26 JANUARY 1945, Page 1


THE immediate fate of Germany—her ultimate, and not very distant, fate is not in question—will be determined by her own morale and Russia's supply-problem. That the Russian armies should maintain their incredible impetus indefinitely is impossible. Trans- port will sooner or later raise insuperable difficulties, unless before that the German forces collapse completely, or the Russians make captures of stores and material sufficient to keep them going. It would be wise to count on neither of these developments. But it is perfectly wise to count on the loss to Germany of all East Prussia and all Silesia, with the gravest results to prestige in one case, and to material endurance in the other, and strategically in both. Psychologically Goebbels' hope seems to be in the challenge TO despair, but it is hard to believe that the spectacle of crowds of miserable refugees pouring into Berlin and other cities, which hardly have the power to exist as it is, will do much to stimulate the will to resistance. So far there is little sign that the disasters in the east have caused any substantial transference of German forces from the west, for though some prisoners have been taken in Poland who say they were recently fighting in Holland or Belgium, that probably indicates only that a few units pulled out to refit after the Ardennes fighting have been sent to the east instead of back to the west. And in the west resistance in the north is still bitter, and in Alsace the enemy is still attacking. By holding him closely engaged the Allies in the west can materially help the Ally in the east. The two-front war which Germans have always dreaded is in active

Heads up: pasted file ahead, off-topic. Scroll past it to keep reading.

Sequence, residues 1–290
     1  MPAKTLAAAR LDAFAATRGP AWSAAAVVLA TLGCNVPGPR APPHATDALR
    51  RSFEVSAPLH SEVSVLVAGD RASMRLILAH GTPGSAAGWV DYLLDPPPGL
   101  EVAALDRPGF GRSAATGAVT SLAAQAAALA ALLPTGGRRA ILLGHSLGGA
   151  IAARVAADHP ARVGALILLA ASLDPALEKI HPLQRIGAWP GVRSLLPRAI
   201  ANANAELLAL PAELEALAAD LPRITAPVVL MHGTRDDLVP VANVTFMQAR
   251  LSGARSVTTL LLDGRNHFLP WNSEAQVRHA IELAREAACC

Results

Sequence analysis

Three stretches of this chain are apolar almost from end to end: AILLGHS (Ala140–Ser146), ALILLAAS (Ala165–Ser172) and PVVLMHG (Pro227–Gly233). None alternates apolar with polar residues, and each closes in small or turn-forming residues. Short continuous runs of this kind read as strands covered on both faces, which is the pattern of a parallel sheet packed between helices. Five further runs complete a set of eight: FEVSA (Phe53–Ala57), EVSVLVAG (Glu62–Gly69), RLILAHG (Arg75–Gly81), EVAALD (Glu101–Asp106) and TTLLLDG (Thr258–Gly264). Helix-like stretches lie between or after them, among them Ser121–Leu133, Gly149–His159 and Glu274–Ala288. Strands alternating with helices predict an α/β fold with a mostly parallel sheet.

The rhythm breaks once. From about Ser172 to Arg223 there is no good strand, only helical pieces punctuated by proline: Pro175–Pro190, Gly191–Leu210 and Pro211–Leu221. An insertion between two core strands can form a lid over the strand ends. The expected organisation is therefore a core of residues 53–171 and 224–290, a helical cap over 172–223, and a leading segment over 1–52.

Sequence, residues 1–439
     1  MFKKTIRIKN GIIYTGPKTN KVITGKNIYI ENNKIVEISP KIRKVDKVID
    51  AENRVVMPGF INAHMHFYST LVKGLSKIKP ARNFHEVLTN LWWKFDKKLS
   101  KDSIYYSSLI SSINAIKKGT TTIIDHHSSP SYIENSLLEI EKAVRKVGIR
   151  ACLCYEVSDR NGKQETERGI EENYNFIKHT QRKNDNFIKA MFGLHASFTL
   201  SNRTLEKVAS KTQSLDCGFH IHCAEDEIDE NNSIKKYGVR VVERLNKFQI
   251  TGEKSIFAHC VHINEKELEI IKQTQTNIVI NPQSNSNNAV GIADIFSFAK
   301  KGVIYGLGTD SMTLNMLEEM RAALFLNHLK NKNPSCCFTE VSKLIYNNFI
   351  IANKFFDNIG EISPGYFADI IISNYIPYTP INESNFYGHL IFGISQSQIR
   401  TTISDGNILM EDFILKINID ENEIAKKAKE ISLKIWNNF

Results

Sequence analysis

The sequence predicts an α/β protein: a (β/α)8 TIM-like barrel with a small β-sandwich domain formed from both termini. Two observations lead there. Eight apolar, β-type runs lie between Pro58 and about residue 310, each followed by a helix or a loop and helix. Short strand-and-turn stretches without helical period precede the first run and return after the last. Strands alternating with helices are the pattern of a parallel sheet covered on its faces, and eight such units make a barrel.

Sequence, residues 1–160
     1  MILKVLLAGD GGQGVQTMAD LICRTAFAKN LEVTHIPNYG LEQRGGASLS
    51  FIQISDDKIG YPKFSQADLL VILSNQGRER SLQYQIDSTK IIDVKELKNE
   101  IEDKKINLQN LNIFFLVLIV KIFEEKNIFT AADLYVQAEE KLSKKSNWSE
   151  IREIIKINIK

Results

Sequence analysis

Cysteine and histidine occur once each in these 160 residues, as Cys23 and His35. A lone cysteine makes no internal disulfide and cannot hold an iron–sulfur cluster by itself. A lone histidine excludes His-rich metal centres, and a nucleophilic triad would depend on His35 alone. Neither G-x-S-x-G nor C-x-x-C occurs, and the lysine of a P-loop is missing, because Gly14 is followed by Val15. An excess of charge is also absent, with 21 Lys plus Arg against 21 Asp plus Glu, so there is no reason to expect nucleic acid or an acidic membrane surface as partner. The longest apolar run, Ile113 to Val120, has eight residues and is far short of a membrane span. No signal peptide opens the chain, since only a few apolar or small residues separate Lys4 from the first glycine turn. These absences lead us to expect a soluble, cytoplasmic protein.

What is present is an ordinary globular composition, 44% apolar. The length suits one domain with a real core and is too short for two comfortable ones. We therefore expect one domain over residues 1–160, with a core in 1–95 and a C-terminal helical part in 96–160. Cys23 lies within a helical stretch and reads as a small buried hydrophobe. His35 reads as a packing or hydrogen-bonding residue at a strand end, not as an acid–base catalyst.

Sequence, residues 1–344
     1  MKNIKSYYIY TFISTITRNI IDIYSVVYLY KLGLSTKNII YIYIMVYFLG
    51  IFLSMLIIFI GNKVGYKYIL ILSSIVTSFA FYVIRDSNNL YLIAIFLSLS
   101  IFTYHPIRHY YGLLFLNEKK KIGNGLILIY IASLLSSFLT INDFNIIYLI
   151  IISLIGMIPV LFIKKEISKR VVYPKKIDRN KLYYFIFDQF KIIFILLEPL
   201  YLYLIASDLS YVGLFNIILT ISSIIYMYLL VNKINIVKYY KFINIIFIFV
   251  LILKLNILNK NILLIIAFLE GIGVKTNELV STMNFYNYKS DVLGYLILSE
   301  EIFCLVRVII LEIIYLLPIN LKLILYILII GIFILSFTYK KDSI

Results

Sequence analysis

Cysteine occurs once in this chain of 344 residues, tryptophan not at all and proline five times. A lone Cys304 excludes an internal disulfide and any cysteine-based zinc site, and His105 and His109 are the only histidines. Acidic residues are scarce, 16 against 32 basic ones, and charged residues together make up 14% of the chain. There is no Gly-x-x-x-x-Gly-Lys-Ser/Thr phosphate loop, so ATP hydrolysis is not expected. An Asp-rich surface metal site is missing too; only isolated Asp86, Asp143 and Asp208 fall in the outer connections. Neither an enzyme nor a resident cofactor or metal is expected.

operation, with results that are inevitable. •